In my 7,300-word review essay "In Defense of Walter J. Ong's Philosophical Thought: Against Timothy Mark Chouinard's Critique," I first thoroughly elaborate how the American Jesuit Renaissance specialist and cultural historian Walter J. Ong (1912-2003; Ph.D. in English, Harvard University, 1955) of Saint Louis University developed his philosophical thought about visualist cognitive processing -- and how he never tired of referring to Eric A. Havelock's book Preface to Plato. Next, I turn to Timothy Mark Chouinard's succinctly stated critique of Havelock and Ong in his Ph.D. dissertation in English at Saint Louis University titled T. S. Eliot: A Philosophy of Communication for Literature and Speech. Because Chouinard also explicitly refers to the thought of the Canadian Jesuit philosopher and theologian Bernard Lonergan (1904-1984), I also bring Lonergan's thought into play in responding to Chouinard.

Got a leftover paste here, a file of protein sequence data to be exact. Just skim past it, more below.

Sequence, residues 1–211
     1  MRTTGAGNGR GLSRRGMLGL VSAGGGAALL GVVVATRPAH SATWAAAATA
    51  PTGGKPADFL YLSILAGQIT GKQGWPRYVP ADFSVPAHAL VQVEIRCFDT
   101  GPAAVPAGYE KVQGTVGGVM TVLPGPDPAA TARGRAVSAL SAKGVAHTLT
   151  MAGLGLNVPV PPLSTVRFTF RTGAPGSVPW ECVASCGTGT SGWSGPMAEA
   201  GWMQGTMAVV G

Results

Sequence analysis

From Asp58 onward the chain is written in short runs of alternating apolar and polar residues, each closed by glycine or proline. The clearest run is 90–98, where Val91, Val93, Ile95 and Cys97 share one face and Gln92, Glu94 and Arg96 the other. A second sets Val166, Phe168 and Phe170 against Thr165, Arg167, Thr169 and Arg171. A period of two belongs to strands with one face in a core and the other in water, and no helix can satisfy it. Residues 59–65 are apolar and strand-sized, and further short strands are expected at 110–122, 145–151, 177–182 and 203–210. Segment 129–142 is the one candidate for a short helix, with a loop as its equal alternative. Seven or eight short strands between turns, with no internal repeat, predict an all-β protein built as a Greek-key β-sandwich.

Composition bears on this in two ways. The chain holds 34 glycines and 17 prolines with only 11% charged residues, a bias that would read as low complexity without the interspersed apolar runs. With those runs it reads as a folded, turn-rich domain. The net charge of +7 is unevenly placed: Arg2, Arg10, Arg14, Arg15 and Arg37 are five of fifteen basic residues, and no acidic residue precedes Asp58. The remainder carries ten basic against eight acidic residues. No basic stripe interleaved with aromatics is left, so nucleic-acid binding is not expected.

Farrell, Thomas J.
In Defense of Walter J. Ong's Philosophical Thought: Against Timothy Mark Chouinard's Critique.
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